The election campaign has ended, but Commerce Secretary Gutierrez is still on the campaign trail for the Colombia free-trade agreement (FTA). This week, he was on the hustings at the Small Business Administration trade symposium. The message: we must pass the Colombia free-trade agreement “with the same sense of urgency that we passed a stimulus package several months ago.” He’s right.
And these small businesses owners certainly understand that our economy would benefit. Approximately 10,000 U.S. companies export to Colombia, and of that about 8,500 are small and medium-sized firms—the engine for economic growth in the United States. With this FTA in place, the U.S. trade relationship with Colombia would shift from one of unilateral preferences granted to Colombia through the Andean Trade Promotion and Drug Eradication Act to a relationship where U.S. industry enjoys the same benefits already granted to Colombia. The Colombian market would open on a reciprocal basis to U.S. goods, allowing 80 percent of U.S. products to immediately enter Colombia duty-free. Without an FTA, the high tariffs levied on U.S. products means that a Caterpillar truck, for example, faces more than $200,000 in taxes when sold in Colombia. Clearly, this is not good for either country.
In these unsettling economic times, it is mystifying how Congress could shy away from passing an agreement that—combined with the already-in-place Peru FTA—would increase U.S. farm exports by $1.39 billion and provide over 18,000 new jobs.
Last week, rumors were that the administration might trade Colombia passage for a deal that would help Detroit and the auto industry. But Rahm Emanuel, the incoming White House Chief of Staff, quickly downplayed this possibility saying that “you don't link those essential needs to some other trade deal.”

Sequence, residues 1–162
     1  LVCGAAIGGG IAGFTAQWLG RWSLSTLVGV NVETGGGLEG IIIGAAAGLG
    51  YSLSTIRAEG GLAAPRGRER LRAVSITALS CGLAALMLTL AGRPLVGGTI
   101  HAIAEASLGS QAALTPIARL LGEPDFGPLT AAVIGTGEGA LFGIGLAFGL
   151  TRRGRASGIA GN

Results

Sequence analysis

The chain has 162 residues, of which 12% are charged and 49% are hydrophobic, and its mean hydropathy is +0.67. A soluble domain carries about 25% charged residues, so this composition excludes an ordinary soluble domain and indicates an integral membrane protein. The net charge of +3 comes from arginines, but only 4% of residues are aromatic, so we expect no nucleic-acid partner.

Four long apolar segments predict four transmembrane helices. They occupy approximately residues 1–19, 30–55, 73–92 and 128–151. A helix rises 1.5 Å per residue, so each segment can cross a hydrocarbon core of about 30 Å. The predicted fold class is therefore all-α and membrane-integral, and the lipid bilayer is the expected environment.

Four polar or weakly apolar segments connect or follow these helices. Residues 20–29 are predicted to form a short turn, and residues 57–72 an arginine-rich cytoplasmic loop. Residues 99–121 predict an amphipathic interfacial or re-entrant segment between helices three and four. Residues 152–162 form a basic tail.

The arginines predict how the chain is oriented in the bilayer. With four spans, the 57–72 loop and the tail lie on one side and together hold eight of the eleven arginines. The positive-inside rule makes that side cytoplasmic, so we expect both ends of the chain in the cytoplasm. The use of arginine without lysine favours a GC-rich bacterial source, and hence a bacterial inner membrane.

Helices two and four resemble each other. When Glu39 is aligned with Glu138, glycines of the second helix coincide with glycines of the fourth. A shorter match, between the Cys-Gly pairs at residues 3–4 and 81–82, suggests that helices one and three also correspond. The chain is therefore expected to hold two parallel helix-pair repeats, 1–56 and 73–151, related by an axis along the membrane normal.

Unfortunately, Congress has yet to heed the calls for agreement passage. Instead, this week’s lame-duck session is focusing just on whether to dole out $25 billion to help Ford, Chrysler and General Motors—the latest casualties in the financial storm. But passage of the Colombia agreement would cost nothing. Zero, zilch, nada. Of course, it wouldn’t save as many jobs as bailing out the Big Three (in fact it will likely generate jobs). And the best thing? It wouldn’t cost the taxpayers a dime. And the U.S. government wouldn’t be rewarding the excesses of automaker CEOs who each chose to fly to Washington DC on private jets this week rather than take one of the 24 daily nonstop flights between the two cities.
Congressional leaders are rightly concerned about violence in Colombia. But Colombia has made enormous progress. As Mac Margolis pointed out earlier this week, “the irony is that the heightened scrutiny falls on Colombia as the government in Bogotá has made dramatic improvements in security and cracked down hard on human rights abuses.” In fact, 39 trade unionists were killed last year, down from 197 in the year before President Uribe came to power (2001). At the same, time, prosecutors obtained 36 convictions for trade unionist murders murders—35 more than that same year.
Congress, it is time to take any measure—large or small—to help the U.S. economy. If not, the chickens (or turkeys) will surely come home to roost.